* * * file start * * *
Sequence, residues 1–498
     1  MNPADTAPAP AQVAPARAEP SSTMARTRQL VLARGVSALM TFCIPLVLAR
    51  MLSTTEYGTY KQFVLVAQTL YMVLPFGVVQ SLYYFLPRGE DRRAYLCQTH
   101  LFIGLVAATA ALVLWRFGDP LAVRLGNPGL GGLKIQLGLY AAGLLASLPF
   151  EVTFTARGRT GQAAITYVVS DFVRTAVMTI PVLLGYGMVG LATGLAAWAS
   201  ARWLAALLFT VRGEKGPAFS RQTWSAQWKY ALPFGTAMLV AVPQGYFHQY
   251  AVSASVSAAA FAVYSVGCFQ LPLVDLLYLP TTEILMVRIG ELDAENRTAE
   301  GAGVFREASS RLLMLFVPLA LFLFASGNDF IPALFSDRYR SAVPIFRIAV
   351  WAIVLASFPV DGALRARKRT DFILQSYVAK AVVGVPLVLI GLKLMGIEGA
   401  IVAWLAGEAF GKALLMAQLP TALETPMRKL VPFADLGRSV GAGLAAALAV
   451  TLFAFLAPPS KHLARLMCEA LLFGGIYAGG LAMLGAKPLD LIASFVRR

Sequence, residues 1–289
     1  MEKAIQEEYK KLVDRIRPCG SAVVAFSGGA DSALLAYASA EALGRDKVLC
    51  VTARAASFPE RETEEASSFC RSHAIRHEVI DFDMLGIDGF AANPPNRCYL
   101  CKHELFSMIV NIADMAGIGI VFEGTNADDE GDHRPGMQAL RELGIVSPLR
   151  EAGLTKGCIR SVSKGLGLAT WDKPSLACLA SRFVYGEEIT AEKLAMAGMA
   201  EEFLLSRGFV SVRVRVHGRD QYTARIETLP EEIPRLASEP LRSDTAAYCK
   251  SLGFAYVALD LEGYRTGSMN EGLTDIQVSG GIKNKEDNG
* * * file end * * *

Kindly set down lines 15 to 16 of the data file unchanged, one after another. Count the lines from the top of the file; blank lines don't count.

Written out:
   101  CKHELFSMIV NIADMAGIGI VFEGTNADDE GDHRPGMQAL RELGIVSPLR
   151  EAGLTKGCIR SVSKGLGLAT WDKPSLACLA SRFVYGEEIT AEKLAMAGMA